It’s that time of year again. Wild rose bushes are starting to become weighed down with delicious, juicy, red rose hips. It’s time to make rose hip syrup.
Rose hips are the fruit of the rose plant. They vary in colour from orange to red through to dark red and even purple – and in shape from the oval shaped berries in the bowl above to plump, round fruits that look like cherry tomatoes.
The ones I use seem to be the most common ones here in Monmouthshire and they’re from the dog rose, which grows wild in hedgerows and along verges. They have all sorts of culinary uses from jam, jelly and syrup to pies, breads and sauces. They can also be eaten raw, although enormous care must be taken to remove the tiny hairs from inside the fruit as they are a very unpleasant irritant (so much so, that they used to be used to make itching powder).
You do not have to worry about removing the hairs when making syrup as they will be contained within the muslin, preventing them from getting into the syrup.
A vitamin C booster
Rose hips contain 20 times more Vitamin C than oranges. When supplies of oranges dwindled during World War 2, many school children picked rose hips, which were then turned into rosehip syrup. This delectable, sweet syrup was then administered each day as a vitamin C booster, directly from a teaspoon.
A spoonful a day keeps the doctor away
Rosehips produce their berries much later than many other plants and you can still find them well into November. Don’t forget to leave some on the bush as the birds rely on them in winter!
(Remember, when you’re foraging you must be certain you know what you’re picking before you start eating it. Young children will make a beeline for any red berries when you’re picking rose hips so make sure they are definitely picking rose hips.)
The following recipe will give you a medium strength, sweet rose hip syrup. If you want something stronger, simply add more rose hips (use a kilo instead of 500g). The water / sugar ratio will give you a nice, syrupy syrup – nothing too watery!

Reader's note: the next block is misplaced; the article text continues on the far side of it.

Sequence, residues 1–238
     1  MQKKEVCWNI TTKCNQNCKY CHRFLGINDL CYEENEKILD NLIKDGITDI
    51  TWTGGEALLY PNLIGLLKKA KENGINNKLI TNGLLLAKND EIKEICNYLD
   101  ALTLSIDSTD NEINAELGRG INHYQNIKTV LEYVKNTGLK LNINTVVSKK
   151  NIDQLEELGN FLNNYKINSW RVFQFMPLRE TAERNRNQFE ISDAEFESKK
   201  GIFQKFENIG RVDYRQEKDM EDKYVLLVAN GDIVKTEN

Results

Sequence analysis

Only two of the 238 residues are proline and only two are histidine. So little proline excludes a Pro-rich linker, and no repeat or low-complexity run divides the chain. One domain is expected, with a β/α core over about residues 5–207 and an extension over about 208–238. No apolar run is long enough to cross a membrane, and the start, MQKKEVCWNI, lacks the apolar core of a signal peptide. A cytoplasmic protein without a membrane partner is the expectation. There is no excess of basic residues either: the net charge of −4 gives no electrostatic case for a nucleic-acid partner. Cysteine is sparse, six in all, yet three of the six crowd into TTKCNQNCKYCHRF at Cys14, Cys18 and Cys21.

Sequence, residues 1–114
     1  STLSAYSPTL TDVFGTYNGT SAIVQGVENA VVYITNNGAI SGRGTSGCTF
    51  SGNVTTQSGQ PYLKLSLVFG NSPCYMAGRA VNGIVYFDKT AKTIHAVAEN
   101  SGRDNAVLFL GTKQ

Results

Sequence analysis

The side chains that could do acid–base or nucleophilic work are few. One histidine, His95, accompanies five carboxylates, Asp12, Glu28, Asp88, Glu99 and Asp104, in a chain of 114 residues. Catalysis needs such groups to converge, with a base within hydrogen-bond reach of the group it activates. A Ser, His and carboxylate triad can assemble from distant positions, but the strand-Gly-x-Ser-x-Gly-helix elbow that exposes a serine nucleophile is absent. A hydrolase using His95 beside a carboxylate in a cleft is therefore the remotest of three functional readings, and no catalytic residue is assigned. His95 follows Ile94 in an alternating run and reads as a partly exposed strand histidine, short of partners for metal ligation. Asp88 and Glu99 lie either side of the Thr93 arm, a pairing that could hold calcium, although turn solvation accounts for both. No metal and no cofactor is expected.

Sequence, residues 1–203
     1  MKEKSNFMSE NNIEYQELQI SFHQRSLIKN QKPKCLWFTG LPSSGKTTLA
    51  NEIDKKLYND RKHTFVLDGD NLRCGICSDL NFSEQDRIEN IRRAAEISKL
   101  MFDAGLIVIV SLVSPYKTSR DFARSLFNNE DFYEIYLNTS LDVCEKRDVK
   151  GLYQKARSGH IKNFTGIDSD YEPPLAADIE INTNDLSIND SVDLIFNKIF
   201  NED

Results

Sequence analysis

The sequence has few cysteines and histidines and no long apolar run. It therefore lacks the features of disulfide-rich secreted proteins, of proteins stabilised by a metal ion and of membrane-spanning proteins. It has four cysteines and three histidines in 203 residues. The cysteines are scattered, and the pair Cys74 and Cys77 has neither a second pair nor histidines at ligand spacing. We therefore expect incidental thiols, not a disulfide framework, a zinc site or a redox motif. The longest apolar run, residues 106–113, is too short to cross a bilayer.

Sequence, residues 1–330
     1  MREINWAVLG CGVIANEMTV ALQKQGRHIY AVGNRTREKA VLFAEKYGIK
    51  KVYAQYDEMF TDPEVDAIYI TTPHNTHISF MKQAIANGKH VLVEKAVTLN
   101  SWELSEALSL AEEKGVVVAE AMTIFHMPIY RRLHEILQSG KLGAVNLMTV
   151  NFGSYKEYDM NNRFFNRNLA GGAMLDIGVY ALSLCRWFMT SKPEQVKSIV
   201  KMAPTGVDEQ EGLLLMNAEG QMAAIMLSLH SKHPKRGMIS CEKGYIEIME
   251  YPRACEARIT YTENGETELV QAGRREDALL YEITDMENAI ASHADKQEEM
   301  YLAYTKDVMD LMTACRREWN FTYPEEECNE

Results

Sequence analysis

- 500g rosehips
- 750g sugar
- – Bring 1 litre of water to the boil in a large saucepan
- – Wash the rosehips and break off the stalks
- – Put them in a food processor with 200ml water and blitz them until all the rosehips have been chopped up
- – Place the chopped rosehips into the boiling water
- – Return to boiling point then remove from the heat and allow to stand for 15 minutes
- – Pour the mixture through a piece of muslin, a jelly bag or a clean tea towel into a large bowl
- – Twisting the muslin at the top, squeeze out all the juice from the rosehips into the bowl then return the rosehip pulp to the pan, add another 500 ml of water and repeat the above straining process
- – The boiling, cooling and straining process should be repeated three times to extract all the goodness from the rosehips
- – Pour the extracted liquid into a clean saucepan and boil to reduce the liquid to 1 litre
- – Add the sugar and boil for another 5 minutes
- – Pour into hot, sterile bottles & seal immediately
- – Store in a cool, dark place
- – Once a bottle is opened, it can be kept in the fridge for about a week
Drizzle over ice cream, cakes, waffles or pancakes. Use as an ingredient in sweet recipes such as poached fruits and fruit tarts and pies – see my recipe for Sweet Rosehip Risotto. If you’re feeling extravagant, make a Rosehip Bellini with rosehip syrup and champagne.